Accountants have similarly, acted in their own interests. Accountants were required to audit company books, but they made most of their money from other accounting services provided to the same companies. While they had the responsibility of detecting fraud during their auditing, their economic well being depended on being awarded other projects by the same companies. These projects which might not have been awarded to accountants who probed too deeply. It is not surprising therefore that accountants either participated in the fraud or else turned a convenient blind eye. Arthur Andersen was a repeat offender and was put out of business. Ernst and Young denied any knowledge of the HealthSouth fraud even though they had been alerted by whistle blowers. Enron lawyers were also heavily criticised for the way the dealt with Enron's practices. Citigroup's layers happily advised Citigroup that its structured finance deals were strictly legal but not that they would be illegal if the intent was to assist in fraud. Had employees not discussed the illegality in emails which became evidence the Citigroup claim that they were doing nothing wrong in setting up the fraud for Enron would have stood up in a court of law.

Staff Movements
As is well illustrated by HealthSouth, bankers, accountants and lawyers frequently migrate to the companies they have served in the past and assume senior positions. They can maintain these links and are well placed to participate in any fraud. Several HealthSouth staff, who have come from accountants and bankers have pleaded guilty to participating in the fraud. Bankers, financiers and lawyers pepper the boards, and the ranks of senior management across the health and aged care sector.

These issues are illustrated in web pages describing
bankers and auditors at HealthSouth in a page in the HealthSouth Section, and on another page in the Citigroup section of this web site. The role of the financiers in setting up this fraud is described on the Enron page, as is the role of Arthur Andersen in another section.

Critical condition

How Health Care in America Became Big Business & Bad Medicine

Page 4
But what kind of system shuts out forty-four million Americans? What kind of system excludes people with illnesses beyond their control? What kind of system insures a husband but denies coverage to his wife. What kind of system forces people to choose between risking financial ruin and risking their lives?
Page 115
But the main intent of the restructuring was to cut jobs and reduce payrolls, the single largest cost. Talk to people who work in hospitals about a typical day, and the picture that emerges is remarkably consistent: how staff is asked to take on more work, how there are fewer people to perform it, how management is constantly pressuring them to produce more, how conditions are frequently unsafe and unsanitary. These changes are hard on everyone, especially the nurses, many of whom are so burned out and saddened by what is happening to their profession that they are leaving the field.
Critical Condition: How Health Care in America Became Big Business & Bad Medicine by Barlett & Steele

Barlett and Steele
In their ground breaking analysis of the US health system "Critical Condition: How Health Care in America Became Big Business & Bad Medicine" (Doubleday Nov 2004), Pulitzer prize winning New York Times journalists Barlett and Steele lay the blame for the failure of the health system firmly at the feet of the market system and the application of market principles. For the first time highly credible analysts in the USA place the large financial institutions at the heart of the problem. While they did not analyse the processes as I have done, they describe what has happened so confirming the accuracy of the material on these web pages and the conclusions reached. The book is short, goes to the heart of the problems and is eminently readable. They have interviewed many of those who suffered at the hands of the system and their book tells these stories to bring home the human costs. Having identified the root cause of the problem their solution takes a first step in dealing with it but falls short of what will ultimately be required.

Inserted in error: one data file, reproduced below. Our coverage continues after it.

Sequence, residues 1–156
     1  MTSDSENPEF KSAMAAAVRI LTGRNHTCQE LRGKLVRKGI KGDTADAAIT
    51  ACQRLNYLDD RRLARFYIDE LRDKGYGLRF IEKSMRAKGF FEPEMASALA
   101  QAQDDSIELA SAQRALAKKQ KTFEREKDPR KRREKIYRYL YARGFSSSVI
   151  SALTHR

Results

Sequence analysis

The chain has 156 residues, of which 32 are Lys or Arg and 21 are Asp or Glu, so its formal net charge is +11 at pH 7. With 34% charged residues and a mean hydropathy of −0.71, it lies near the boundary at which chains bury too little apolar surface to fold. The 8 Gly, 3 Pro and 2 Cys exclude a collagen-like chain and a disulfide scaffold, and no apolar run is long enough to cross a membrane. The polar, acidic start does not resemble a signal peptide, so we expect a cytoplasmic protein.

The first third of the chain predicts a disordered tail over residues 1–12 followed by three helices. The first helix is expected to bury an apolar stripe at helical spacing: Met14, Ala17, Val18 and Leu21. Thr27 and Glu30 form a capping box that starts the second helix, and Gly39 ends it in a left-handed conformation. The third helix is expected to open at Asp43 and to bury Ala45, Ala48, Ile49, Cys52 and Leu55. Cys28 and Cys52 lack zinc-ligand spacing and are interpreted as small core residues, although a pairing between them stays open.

This comments below are based in part on their book and I have illustrated this page using extracts from that book.

Wall Street Prescriptions
When Wall Street saw the potential in health care they responded to the health reform agenda by becoming instant health care experts. They set themselves up as consultants - experts in implementing marketplace efficiency and market practices - restructuring hospitals and other services for large fees. They came with a variety of impressive terms like "Just-in-Time Inventories" and "Total Quality Care ". Soon the views of these credible and impressive people became the recognised way to run hospitals. Not for profit groups followed and adopted the practices prescribed by their bankers.

Hospitals were radically restructured in order, it was claimed, to make them more efficient. The installation of just in time inventory systems meant that all too often there were no reserves. Urgently needed devices were simply not available, occasionally patients were even left lying on the operating table as equipment was frantically sought from nearby hospitals.

The intention behind all this restructuring was simply to squeeze more profits from the system. As funding was largely fixed this meant cutting costs. The major costs were staffing - nursing staff - the gentle people who provide much of the care. They are the ones who stop and spend time to talk to and empathise with patients to address their anxiety - the care in health care.

The pressures have driven the nurses to join unions. Nursing unions have been the main voices pressing for minimum staffing levels and protecting the interests of patients. But with vast numbers of disgruntled staff leaving the profession and few enrolling problems remain acute.

Page 16
The Medical Center of Aurora in Aurora, Colorado, charged an uninsured patient $24,100 for cranial and peripheral disorder treatment. The average insurer would have paid $4600 for the same care. Medicare would have paid $4100. For the hapless Colorado patient, the bill was a 424% percent premium over the price an uninsured patient would have been charged and 488 percent over Medicare.
Every type of hospital - for profit, nonprofit, community, and university - takes advantage of our most vulnerable citizens in this way. The victims are Americans who work at low paying jobs and fall between the economic cracks, folks who earn a little too much money to qualify for Medicaid or charity, but not enough to afford the stiff premiums for health insurance.
Critical Condition: How Health Care in America Became Big Business & Bad Medicine
by Barlett & Steele



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This page created January 2004 by Michael Wynne